Peer-to-peer can achieve green band optimization so that you can increase travel time reliability and reduce emissions. With the right logic statements in place, events triggered across your controllers can move vehicles through more green lights more efficiently without sacrificing your side streets to accommodate traffic flow.

4. Ramp Queue Management

Accidents, construction, weather, rush hour—these are many causes that can lead to major backups on-ramp queues. But it’s these backups that can in turn cause collisions and extended delays.

By assigning the right logic statements, peer-to-peer can flush out your onramps and keep traffic moving. Controllers across a peer-to-peer network can trigger events so that traffic flow is managed several intersections away from the onramp, thus preventing major backups.

5. Less Traveled Intersections

Traffic patterns are less predictable on smaller streets and less traveled intersections. And when congestion occurs, drivers are more likely stuck waiting with no room to turn around or alternate route to take.

Peer-to-peer is just as effective on side streets as it is at major thoroughfares. Controllers can trigger events on the mainline in order to provide efficient traffic flow and prevent backups on smaller streets within your community.

6. Preemption for Railroad Crossings

Priority and preemption features are normally associated with the functionality needed to support emergency vehicles and bus transport. But what if it’s possible to apply the same amount of control over certain situations where heavy rail and general traffic intersect?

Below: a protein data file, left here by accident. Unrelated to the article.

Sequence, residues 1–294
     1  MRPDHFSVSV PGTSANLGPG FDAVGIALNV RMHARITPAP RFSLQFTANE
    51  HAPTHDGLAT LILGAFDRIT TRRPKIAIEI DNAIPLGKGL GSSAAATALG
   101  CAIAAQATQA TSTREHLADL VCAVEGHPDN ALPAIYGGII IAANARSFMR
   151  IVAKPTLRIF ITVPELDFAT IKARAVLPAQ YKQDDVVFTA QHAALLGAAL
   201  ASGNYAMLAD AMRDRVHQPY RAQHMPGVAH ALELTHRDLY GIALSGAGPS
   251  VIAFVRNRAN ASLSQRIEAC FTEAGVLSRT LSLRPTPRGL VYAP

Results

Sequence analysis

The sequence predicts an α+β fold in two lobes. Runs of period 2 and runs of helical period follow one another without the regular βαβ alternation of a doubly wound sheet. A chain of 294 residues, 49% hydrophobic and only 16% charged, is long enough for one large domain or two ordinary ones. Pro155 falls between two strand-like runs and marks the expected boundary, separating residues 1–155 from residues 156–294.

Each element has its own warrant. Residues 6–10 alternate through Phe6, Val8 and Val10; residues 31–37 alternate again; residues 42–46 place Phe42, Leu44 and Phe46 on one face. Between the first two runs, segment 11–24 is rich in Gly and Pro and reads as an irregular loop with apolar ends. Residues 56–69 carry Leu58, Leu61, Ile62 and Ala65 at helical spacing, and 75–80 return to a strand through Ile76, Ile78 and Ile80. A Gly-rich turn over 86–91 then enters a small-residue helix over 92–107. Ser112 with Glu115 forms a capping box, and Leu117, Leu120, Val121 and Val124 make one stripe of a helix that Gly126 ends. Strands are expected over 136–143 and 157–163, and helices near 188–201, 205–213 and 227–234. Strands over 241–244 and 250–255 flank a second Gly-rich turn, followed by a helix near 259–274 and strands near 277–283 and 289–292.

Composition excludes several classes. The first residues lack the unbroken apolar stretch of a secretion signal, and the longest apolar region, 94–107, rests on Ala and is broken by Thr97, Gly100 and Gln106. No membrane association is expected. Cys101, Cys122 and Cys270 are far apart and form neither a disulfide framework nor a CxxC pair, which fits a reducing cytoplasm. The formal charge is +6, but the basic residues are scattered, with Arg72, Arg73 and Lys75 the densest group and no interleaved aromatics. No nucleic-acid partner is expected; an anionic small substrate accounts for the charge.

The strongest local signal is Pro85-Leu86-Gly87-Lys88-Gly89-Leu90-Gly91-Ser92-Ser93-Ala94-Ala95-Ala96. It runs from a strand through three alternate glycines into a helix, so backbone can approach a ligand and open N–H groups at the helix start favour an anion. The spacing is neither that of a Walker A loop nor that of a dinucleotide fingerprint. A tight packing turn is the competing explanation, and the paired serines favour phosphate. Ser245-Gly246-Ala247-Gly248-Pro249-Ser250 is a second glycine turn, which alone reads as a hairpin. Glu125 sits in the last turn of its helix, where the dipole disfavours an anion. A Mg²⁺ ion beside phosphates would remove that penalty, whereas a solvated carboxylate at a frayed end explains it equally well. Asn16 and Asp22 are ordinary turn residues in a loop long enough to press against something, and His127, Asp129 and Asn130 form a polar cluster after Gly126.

Your peer-to-peer network can coordinate the best traffic flow patterns at nearby intersections through its preemptive control capabilities. Railroad crossings no longer have to hold up traffic when a train passes through.

3 Steps to Set up Peer-to-Peer

You can set up your peer-to-peer network locally using Siemens M60 controllers.

A peer-to-peer network works best when M60 controllers, traffic cabinets and RUGGEDCOM switches are already installed and supported by your traffic network. From the Active Status Menu within your Siemens Controller, select the 5-COMMUNICATIONS menu in order to begin setting up your peer-to-peer network in just three manageable steps.

Step 1: Configure All Controllers to a Shared IP Address

Configuration should happen from the main controller on your network. From here, you can configure that controller’s IP address with all of the controllers to be connected on your peer-to-peer network.

Step 2: Configure Sources

Assign each controller as peers with one another and establish a connection with each of its peer controllers. You can expect to receive feedback confirming that a successful connection is established.

Step 3: Assign Functions

Once there’s an established connection, you are then prompted to assign functions between these controllers. This is where you configure the data you want to receive from its peer as logic statements.

Not every setup of a peer-to-peer network is the same. Contact us to further explore the programming and networking possibilities of peer-to-peer for you. Our technical support team is also standing by to help you with all of your traffic communication needs, be it by phone, email or online webinars as well as optional onsite field services.